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Pocket Guide to the Gower Peninsula http://www.exploration-online.com/2017/06/27/pocket-guide-to-the-gower-peninsula/ http://www.exploration-online.com/2017/06/27/pocket-guide-to-the-gower-peninsula/#respond Tue, 27 Jun 2017 16:30:10 +0000 http://www.exploration-online.com/?p=7360 The Gower Peninsula is a rural, rugged landscape, shaped around the south coast of Wales. Unsurprisingly

it became the first designated area in Britain to achieve AONB status (Area of Outstanding Natural Beauty). This stretch of coastline is a rich haven for ramblers, heavily populated by a variety of native wildlife and has historic ruins scattered across its landscape.

The Gower Peninsula or ‘the Gower’ is a popular spot for walking enthusiasts and tourists alike, with many routes available to take on both easy and moderate ground. This popular destination could be described as the coastal equivalent to the Lake District. Depending on your level of experience, some mountainous areas can prove quite challenging, so do research your chosen path before leaving. However, equally, there are a number of gentle strolls you can take through small country villages if that is more your scene.

Richard Whitaker

Oxwich Bay: a peaceful spot to forget your worries and enjoy some quiet. (Photographer: Richard Whitaker; Flickr)

Cefn Bryn & Oxwich Bay

Cefn Bryn is as good a place as any to start your exploration of this part of the country, but then I may be a little biased, as it is where my own Gower-discovery began. Guiding you along the Redstone ridge, often referred to as ‘the backbone of Gower’, this path will lead you over exposed moorland, before descending back down to the country roads of level gravel terrain. At 186 metres high, Cefn Bryn is the second highest point in the Gower and often grazed upon by sheep, wild ponies and cattle. Look out for the neighbouring village of Reynoldston, which offers an unmarked route to a Neolithic monument and burial site that coincides with King Arthur’s legend.

Llanmadoc Hill

Llanmadoc Hill offers views across the peninsula and looks directly down over the village of Llanmadoc below. An Iron Age hillfort once stood upon the summit but now all that remains is a peculiar earthwork named ‘The Bulwark’, but it is easily identified. The site would originally have been used to hold livestock, but was later adapted to protect whole communities during times of war. The summit can be reached from several directions and offers a relatively flat plateau, which makes it an ideal spot for a picnic break along your walk.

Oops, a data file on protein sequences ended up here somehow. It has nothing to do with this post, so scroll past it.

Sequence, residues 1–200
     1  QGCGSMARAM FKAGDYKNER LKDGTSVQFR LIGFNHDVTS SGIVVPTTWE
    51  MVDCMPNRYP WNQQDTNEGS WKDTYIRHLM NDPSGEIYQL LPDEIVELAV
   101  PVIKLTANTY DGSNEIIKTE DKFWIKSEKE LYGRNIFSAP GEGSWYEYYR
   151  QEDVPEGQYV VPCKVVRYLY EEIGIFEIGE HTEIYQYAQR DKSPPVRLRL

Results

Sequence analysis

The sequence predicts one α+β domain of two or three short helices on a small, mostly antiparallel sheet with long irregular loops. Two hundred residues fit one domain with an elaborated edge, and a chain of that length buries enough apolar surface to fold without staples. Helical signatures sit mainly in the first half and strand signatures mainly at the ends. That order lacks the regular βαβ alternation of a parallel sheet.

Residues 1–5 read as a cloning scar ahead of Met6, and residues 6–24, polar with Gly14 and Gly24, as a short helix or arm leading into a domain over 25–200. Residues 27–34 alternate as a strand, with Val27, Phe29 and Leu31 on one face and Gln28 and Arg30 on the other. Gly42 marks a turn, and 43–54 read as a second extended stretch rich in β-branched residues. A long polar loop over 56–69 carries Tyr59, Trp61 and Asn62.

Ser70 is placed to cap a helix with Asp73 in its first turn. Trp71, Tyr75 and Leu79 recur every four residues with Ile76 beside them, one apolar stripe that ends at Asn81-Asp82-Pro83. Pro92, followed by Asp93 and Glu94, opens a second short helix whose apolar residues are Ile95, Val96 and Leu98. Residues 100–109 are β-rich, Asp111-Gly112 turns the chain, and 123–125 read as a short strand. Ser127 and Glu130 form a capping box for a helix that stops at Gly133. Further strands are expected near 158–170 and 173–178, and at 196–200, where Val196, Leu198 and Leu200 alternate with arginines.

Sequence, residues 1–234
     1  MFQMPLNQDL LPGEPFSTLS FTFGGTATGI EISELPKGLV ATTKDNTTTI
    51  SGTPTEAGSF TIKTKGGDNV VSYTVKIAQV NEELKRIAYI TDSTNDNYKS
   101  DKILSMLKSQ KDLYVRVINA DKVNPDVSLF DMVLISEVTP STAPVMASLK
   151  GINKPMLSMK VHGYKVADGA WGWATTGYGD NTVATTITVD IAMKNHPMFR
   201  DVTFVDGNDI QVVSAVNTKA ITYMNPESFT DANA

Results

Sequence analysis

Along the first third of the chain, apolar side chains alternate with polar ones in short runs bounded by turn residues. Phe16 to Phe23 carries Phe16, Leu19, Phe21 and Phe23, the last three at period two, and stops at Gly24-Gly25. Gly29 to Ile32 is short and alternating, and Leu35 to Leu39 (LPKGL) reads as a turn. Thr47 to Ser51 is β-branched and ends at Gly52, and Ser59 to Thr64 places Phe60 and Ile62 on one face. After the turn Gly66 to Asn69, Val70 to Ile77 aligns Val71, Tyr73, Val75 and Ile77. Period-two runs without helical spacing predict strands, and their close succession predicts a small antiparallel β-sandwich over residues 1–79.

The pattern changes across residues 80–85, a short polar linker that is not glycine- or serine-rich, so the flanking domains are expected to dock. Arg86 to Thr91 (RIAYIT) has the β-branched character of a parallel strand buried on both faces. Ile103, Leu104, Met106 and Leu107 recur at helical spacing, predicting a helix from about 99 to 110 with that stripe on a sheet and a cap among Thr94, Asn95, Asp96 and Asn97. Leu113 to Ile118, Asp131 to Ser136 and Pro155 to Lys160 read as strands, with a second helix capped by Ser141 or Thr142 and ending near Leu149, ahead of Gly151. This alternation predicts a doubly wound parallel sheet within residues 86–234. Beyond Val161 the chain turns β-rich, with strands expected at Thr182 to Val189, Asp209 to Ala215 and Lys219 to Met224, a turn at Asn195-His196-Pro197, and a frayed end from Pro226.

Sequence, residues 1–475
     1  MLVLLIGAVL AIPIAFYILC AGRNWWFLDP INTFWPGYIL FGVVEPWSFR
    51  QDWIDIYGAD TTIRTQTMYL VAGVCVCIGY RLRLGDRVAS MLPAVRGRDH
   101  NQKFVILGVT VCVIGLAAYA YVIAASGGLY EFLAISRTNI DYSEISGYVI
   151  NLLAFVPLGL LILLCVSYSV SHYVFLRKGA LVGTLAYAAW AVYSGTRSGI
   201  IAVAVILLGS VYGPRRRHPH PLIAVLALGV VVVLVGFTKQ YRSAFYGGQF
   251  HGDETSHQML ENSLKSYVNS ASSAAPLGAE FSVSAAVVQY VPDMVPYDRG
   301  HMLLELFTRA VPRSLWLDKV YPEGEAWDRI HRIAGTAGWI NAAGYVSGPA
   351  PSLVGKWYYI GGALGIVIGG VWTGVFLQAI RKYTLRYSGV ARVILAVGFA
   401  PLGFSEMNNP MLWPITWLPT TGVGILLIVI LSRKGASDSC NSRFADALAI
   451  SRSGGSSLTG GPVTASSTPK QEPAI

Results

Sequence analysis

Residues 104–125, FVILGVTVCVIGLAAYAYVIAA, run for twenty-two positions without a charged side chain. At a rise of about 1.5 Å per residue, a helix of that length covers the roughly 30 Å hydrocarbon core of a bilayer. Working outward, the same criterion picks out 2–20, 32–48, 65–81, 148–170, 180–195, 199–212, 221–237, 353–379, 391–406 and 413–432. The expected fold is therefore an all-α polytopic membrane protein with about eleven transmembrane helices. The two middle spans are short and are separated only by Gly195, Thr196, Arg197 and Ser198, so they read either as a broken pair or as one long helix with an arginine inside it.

Llangennith Burrows

The remote village of Llangennith was once the liveliest village on the peninsula, with local interests in cock-fighting, music and weaving, however nowadays it is usually populated by surfers. Smuggling was also rife here on Rhossili Bay and caused feuding amongst the independent townsfolk. Close to the church you can also view the site of the medieval village of Coety Green. There are six remaining houses left, now overgrown and sitting in ruin around the green.

Heather Cowper

Visit Port Eynon and imagine pirates, smuggling and general misbehaviour happening on its shores. (Photographer: Heather Cowper; Flickr)

Port Eynon

Port Eynon is another of the more populated beaches on the Gower and a personal favourite for long weekend strolls. Located on the edge of a quiet coastal community, it is easily accessible and has an interesting history. Today there is a relaxed atmosphere off-peak, though it was once a busy fishing village, known for its successful oyster dredging. Like Llangennith, it was also popular with smugglers, with legend telling that the Old Salt House (on the rocks) was used for such dubious exercises. This theory is contested, but what is known of the Old Salt House, is that it was used for panning the sea water in the early Elizabethan era. There are signs posted around the main attraction, so it is worth having a read whilst you’re visiting in order to gain a greater perspective of the bay and how it used to be in days gone by.